As we begin to develop a life of prayer we will have many fulfilling and exciting times with the Lord. Jesus is leading us into an adventurous relationship with the Father. But it is also the case that every Christian I know or have read about confesses to having great difficulties at times. The most common problem in prayer is dryness. It’s like a desert here Dryness is that experience in prayer when you feel you’re not getting anywhere. It feels like God is very far away and your prayer doesn’t seem to be accomplishing anything. Perhaps you used to be able to pray with great freedom for an hour and the time passed quickly. Now praying for fifteen minutes is just hard work. Your attention span is very short and you are distracted very easily. You will start out trying to pray very fervently and end up very quickly thinking about the strangest things and you’re not sure how you got there. In the midst of it all, these difficulties seem insurmountable. But if we are able to respond well to this challenge, the very problems we encounter can lead us into an even more fulfilling relationship with God.
When going through these difficult periods in prayer we are met with various temptations. The most common one for me is “I’ll do it later.” But, of course, later comes and goes away, and so does prayer. Another excuse is “I’m too busy and besides my whole life is a prayer.” That sounds very good, and indeed, our whole life should be a prayer. But if we use that as an excuse it’s like saying that my whole life is a marriage so I don’t need to have time with my spouse. Another temptation is to say, “I don’t want to be a phony. God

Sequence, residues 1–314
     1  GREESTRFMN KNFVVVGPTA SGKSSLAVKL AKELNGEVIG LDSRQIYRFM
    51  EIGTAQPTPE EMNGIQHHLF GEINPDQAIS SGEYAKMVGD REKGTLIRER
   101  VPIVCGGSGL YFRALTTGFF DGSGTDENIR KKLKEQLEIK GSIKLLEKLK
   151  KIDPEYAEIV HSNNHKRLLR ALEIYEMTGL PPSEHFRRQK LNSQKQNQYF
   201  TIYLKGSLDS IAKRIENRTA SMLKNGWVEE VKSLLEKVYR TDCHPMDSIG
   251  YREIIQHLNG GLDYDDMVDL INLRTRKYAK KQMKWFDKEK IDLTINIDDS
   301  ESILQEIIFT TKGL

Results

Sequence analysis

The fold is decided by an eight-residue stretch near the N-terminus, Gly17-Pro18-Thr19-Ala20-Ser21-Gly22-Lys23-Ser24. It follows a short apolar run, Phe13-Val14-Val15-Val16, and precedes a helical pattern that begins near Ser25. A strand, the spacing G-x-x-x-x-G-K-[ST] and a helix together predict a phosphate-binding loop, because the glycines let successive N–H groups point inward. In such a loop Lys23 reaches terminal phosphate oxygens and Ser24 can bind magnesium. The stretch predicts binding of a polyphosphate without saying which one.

will know my heart isn’t in it.” To that I would say who really is the phony? Is it the person who is disciplined enough to not be a slave to his emotions and to pursue that which he knows to be the correct course? Or is it the one who lets his feelings and outside circumstances determine what he does? Remember a disciple is one who is disciplined.
Lord, teach us to pray Now that we have stated the problem what can we do about it? I would suggest that you pray and ask Jesus to teach you to pray. This has become a regular prayer of mine and I suppose it always will be. Don’t stop here though; give Him something to work with. Remember that Jesus fed 5,000 people with only a few loaves and some fish. You may not have much but give Him what you have – time. At this point it’s easy to say “I don’t have any time!” It is, therefore, essential to DECIDE that prayer is important enough to do. Then make time. Arrange your day around it.
How much time? This answer to this question will vary depending on your life situation. Keep in mind that a little done faithfully is better than a lot done very seldom. As an example, let’s take 30 minutes. You may end up taking a longer or a shorter time. When faced with 30 minutes (or any amount) to spend in prayer, it seems very long when you’re already having a difficult time praying. But look at it this way. Could you spend 5 minutes praising and thanking God? That sounds easy. Then how about 5 minutes repenting from your sins and asking the Lord’s forgiveness. Could you do that? Sure. Now we may not be the best readers in the world but I’ll bet we all could read some
scripture meditatively for 10 minutes. And with all of our problems and those we are aware that others have, we could spend 5 minutes interceding. Finally, if we would take 5 more minutes in praise and thanksgiving, we would have just spent a ½ hour in prayer. When viewed from this perspective it hardly seems long at all. You can shorten or lengthen these example times depending on what amount of time you want to start with. If we could gradually increase the time for each phase of our prayer, we could grow it to where we want it to be.
Done with drooping Some people may not like the idea of structuring prayer like this, but if something is drooping don’t be afraid to prop it up. But try to not get locked into a particular structure. When your drooping prayer life is standing tall, don’t be afraid to remove the structure and, under the guidance of the Holy Spirit, give it a new and more life- giving structure. Problems in prayer are, in a sense not really problems. Rather, they are an opportunities to grow in discipline, maturity, and prayer.